Richard Maddison Missing – Richard received a bursary to attend Queens’ University and proceeded immediately to the second year of the mathematics undergraduate program after moving up from Oundle. During the third year of his doctoral program, he completed a postgraduate diploma in the relatively new field of numerical analysis and automatic computing. After that, he pursued a doctoral degree at Oxford, where he focused his study on nuclear reaction calculations, more specifically the Optical Model of Neutron Scattering and its applications.
Following graduation from Oxford, he obtained a position as a lecturer in Applied Mathematics at Sheffield University. It was there that he became acquainted with his future wife through the Scout and Guide Graduate Association. The couple wed in 1964. After getting a job as an OR expert with British Railways, he was instructed to investigate any areas of computer and research that could be useful to the railroads in the long run, regardless of their applicability. He was responsible for a significant amount of effort that went into the development and execution of the TOPS computerized freight information system. It made it possible to make significant savings by cutting back on the number of wagons. S
ince TOPS is the foundation of the system that is still in use today, he has been the subject of several interviews over the past year on his work on TOPS. His most recent position was at the Open University, where he developed and instructed computer-related classes. He was instrumental in the establishment of the University Business School and led the school’s inaugural course on Information Systems for Managers. The materials for this course were studied by almost 20,000 individuals during the length of the school’s existence.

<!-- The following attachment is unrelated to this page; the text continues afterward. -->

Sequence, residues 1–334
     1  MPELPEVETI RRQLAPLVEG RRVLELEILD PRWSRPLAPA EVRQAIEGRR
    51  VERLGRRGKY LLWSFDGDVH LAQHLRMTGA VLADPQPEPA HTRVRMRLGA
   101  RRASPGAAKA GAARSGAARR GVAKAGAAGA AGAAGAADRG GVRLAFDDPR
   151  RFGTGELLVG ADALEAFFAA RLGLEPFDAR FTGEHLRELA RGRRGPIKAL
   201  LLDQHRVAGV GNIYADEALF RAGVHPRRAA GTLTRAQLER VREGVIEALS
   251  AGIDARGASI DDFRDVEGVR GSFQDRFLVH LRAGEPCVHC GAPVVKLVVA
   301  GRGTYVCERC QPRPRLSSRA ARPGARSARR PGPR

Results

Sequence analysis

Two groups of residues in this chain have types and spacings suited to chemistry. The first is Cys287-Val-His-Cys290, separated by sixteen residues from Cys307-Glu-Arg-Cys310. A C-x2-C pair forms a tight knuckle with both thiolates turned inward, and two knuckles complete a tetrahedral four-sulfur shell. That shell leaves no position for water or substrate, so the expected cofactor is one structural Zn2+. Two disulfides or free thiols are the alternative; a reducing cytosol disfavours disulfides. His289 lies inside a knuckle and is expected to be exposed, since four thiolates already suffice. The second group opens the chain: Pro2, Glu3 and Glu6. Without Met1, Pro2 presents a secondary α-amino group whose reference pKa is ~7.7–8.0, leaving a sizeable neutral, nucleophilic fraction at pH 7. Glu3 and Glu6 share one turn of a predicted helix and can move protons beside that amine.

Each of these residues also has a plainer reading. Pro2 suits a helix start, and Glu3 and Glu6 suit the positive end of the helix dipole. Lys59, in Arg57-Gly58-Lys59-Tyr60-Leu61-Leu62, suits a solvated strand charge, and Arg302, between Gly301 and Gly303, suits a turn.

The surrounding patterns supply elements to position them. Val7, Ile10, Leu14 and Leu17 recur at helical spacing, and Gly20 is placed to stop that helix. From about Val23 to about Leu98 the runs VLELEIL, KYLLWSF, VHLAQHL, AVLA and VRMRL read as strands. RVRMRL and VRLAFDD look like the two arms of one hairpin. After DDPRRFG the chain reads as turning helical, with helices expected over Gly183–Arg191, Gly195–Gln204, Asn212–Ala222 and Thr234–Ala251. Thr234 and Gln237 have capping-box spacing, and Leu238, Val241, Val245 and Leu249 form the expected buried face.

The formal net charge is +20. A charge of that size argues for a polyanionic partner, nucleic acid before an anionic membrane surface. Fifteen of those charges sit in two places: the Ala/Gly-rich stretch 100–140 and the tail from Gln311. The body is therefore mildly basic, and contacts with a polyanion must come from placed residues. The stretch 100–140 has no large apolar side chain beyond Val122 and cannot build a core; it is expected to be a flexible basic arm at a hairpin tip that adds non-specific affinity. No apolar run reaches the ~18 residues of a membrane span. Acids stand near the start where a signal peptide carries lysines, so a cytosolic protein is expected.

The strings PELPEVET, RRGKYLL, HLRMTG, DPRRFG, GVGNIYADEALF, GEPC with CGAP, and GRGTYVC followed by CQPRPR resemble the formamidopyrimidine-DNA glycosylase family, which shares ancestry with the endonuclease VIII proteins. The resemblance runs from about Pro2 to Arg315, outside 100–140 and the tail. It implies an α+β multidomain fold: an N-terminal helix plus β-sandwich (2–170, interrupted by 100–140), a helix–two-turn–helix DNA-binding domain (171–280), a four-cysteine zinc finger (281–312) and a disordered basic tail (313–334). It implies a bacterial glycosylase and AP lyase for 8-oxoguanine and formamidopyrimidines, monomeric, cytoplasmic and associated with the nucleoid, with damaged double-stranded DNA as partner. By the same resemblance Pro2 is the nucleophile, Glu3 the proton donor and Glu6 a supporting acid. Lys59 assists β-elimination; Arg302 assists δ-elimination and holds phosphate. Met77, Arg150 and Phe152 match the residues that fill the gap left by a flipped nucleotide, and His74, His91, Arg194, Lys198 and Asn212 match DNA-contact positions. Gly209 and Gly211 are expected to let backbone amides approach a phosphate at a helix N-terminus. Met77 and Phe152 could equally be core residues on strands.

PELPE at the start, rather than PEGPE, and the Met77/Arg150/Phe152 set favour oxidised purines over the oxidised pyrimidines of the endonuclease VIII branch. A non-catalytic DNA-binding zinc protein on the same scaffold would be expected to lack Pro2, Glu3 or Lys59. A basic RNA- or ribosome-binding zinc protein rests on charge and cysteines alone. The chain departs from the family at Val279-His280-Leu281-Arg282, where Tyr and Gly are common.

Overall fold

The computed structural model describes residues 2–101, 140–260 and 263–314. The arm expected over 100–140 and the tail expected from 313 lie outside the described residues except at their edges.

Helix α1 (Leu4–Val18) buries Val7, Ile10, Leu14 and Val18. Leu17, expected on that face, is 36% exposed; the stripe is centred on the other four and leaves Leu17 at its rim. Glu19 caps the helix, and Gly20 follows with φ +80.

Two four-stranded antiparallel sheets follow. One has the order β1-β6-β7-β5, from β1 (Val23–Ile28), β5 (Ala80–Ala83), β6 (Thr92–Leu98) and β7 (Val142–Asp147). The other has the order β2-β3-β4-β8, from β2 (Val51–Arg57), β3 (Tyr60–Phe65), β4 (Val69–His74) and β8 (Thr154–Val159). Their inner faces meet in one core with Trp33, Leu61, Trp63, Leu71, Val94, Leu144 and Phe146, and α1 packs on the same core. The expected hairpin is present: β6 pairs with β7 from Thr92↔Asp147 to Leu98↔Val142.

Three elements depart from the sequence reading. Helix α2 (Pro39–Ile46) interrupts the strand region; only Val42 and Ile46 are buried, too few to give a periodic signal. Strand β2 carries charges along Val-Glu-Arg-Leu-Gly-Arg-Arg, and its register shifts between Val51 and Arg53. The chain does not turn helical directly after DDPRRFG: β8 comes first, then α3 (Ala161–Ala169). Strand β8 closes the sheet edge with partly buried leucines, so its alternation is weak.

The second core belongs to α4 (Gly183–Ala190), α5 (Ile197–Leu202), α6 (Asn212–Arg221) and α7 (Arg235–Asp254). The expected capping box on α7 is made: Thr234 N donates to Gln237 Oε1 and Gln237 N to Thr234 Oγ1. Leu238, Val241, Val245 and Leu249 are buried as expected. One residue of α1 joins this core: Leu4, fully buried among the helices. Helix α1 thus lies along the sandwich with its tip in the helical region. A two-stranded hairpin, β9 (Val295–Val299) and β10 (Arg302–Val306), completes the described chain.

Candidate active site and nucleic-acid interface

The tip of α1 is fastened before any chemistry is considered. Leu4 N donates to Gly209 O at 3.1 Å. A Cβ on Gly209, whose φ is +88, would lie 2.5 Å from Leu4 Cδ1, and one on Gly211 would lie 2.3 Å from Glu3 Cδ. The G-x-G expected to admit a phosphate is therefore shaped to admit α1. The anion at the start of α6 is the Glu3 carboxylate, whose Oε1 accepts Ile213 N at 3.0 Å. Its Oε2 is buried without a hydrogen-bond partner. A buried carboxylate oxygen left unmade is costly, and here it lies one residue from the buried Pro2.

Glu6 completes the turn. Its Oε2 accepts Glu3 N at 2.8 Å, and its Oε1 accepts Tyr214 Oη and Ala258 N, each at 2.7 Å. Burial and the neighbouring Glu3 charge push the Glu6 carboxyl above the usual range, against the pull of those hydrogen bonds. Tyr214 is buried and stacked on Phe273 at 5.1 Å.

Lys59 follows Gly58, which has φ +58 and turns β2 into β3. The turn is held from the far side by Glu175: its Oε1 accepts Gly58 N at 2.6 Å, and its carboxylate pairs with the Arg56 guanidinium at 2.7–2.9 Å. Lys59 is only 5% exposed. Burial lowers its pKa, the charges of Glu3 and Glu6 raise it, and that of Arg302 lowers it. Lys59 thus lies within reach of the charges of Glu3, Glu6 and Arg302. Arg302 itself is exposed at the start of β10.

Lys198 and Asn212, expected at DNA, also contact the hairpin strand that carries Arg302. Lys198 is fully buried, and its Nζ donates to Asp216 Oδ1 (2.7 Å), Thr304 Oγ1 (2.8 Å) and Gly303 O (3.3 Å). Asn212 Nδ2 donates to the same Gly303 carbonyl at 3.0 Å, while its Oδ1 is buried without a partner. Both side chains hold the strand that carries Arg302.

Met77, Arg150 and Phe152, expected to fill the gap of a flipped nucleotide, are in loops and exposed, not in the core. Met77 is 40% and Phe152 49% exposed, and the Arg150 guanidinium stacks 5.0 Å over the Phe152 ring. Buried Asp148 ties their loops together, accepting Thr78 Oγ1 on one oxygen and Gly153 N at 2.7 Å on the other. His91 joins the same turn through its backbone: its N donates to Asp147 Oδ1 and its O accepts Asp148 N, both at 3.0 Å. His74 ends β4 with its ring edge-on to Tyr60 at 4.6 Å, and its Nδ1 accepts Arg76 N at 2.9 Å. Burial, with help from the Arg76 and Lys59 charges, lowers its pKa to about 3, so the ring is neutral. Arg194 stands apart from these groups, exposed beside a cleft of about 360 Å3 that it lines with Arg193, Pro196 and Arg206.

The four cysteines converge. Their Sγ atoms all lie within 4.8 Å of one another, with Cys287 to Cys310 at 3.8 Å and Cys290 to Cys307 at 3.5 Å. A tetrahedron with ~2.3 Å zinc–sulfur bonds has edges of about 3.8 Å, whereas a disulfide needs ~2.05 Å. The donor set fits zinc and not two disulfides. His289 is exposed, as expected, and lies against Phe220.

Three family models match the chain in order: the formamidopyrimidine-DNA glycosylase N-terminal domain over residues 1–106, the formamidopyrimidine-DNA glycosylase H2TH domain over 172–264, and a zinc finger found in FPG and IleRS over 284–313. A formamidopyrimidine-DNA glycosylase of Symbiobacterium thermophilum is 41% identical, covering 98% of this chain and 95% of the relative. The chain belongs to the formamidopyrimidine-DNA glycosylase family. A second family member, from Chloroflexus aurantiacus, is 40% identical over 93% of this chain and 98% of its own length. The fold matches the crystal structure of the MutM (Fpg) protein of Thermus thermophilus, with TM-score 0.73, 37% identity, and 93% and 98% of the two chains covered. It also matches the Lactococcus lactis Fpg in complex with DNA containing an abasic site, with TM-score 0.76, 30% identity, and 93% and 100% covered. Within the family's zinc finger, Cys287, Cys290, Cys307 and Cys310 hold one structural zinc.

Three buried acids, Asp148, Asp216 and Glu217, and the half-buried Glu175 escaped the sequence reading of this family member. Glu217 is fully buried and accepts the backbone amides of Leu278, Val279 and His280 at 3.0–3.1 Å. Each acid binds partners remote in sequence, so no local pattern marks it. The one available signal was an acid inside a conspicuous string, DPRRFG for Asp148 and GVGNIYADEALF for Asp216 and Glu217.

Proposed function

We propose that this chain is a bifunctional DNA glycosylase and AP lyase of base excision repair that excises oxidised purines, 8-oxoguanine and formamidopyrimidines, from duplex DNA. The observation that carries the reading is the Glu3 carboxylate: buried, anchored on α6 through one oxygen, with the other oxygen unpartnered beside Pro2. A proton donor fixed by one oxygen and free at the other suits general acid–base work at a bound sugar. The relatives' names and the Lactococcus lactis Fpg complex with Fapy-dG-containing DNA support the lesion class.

He was interested in a wide variety of things throughout his life. Throughout their whole careers, both he and his wife were actively active in Scouting and helped organize a large number of camps and (challenging) trips. In addition to that, he was one of the very first persons to devise a method for solving the Rubik’s Cube. He sailed in the Norfolk Broads on a yearly basis (from the boatyard Eastwood Whelpton), and he became highly interested in the construction of a gigantic new boat called High Seas during that time.
He signed a contract for the High Seas as soon as it was completed, and he later gave recommendations for how the Seven Seas should be improved. When the boat Seven Seas became available, he decided to charter it the next summer. The final and, in his opinion, greatest boat was given the name South Seas, and it was created as a result of further ideas for modifications.